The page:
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Retirement Planners of America Review

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Retirement Planners of America

Retirement Planners of America

Retirement Planners of America was co-founded in 2011 by Ken Moraif, who hosts radio show "Money Matters with Ken Moraif" and is known for calling the 2008 stock market crash. Today, the  fee-based firm, which was originally called Money Matters with Ken Moraif, manages more than $4.4 billion in assets. With headquarters in the Dallas suburb of Plano, Texas, Retirement Planners of America is on SmartAsset's top financial advisor lists for Plano and Texas

In 2019, the firm was named one of Barron's "Top 100 Independent Wealth Advisors" for the eighth time in a row. More recently, Moraif, who focuses on helping retirees and soon-to-be retirees, made news when he wrote in Kiplinger that he sold all of his client positions in equities the day before WHO declared the coronavirus pandemic. He says that his decision was prompted by the same sell signal that his mathematical formula gave in November 2007 and led to his staying out of the stock market from November 2007 to mid-2009.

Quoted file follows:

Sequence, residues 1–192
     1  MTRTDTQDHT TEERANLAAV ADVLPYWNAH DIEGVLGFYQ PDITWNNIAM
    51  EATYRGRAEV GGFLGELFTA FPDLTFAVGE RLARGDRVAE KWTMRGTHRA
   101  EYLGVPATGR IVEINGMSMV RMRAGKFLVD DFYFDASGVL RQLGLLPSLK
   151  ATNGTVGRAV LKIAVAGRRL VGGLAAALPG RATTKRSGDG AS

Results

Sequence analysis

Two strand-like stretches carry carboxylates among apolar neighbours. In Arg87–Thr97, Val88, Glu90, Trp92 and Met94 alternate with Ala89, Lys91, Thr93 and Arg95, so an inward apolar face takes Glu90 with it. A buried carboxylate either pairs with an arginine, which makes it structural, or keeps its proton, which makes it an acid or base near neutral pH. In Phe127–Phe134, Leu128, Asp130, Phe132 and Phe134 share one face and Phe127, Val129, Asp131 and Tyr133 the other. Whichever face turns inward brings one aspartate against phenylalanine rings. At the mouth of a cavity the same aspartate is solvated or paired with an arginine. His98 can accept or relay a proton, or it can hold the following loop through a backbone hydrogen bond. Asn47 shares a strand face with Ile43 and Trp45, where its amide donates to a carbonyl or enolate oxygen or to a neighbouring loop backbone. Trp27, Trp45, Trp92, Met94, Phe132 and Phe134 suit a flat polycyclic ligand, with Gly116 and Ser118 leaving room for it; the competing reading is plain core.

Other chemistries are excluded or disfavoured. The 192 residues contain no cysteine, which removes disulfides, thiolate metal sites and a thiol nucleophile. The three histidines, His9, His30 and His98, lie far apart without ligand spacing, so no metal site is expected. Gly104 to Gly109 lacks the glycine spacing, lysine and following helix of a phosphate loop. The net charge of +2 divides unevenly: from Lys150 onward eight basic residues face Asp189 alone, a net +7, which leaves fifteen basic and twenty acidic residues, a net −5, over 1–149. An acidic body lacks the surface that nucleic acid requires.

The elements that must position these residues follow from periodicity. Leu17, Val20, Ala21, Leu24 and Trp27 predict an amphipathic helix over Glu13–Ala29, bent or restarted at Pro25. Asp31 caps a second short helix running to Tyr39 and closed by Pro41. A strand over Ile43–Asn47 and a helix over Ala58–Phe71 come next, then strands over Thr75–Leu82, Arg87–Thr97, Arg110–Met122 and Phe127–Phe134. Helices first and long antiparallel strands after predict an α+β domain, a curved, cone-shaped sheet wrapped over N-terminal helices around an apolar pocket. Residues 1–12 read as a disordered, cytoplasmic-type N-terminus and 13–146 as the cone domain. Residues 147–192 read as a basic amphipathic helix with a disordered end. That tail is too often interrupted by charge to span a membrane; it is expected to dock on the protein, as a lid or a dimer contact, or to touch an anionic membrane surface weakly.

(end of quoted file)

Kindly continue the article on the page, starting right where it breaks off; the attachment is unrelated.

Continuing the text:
Retirement Planners of America Background

Retirement Planners of America switched to its current name in 2019. The firm is employee-owned, with founder Ken Moraif and senior advisors Elias Dragon, Douglas Bartol and Charles Dyer, Jr. acting as principal owners.

The firm employs 30 advisors who hold designations including for certified financial planner (CFP), chartered financial consultant (ChFC), chartered retirement planning counselor (CRPC) and more. General investment management and financial planning are the hallmark offerings of the firm. In addition to Plano, Retirement Planners of America has five other offices in Texas, four in California, two in Arizona and one in Oklahoma City.

Retirement Planners of America Client Types and Minimum Account Sizes

Retirement Planners of America works almost exclusively with individual clients, the vast majority of whom fall below the high net worth mark. The firm also manages the assets of pension and profit-sharing plans.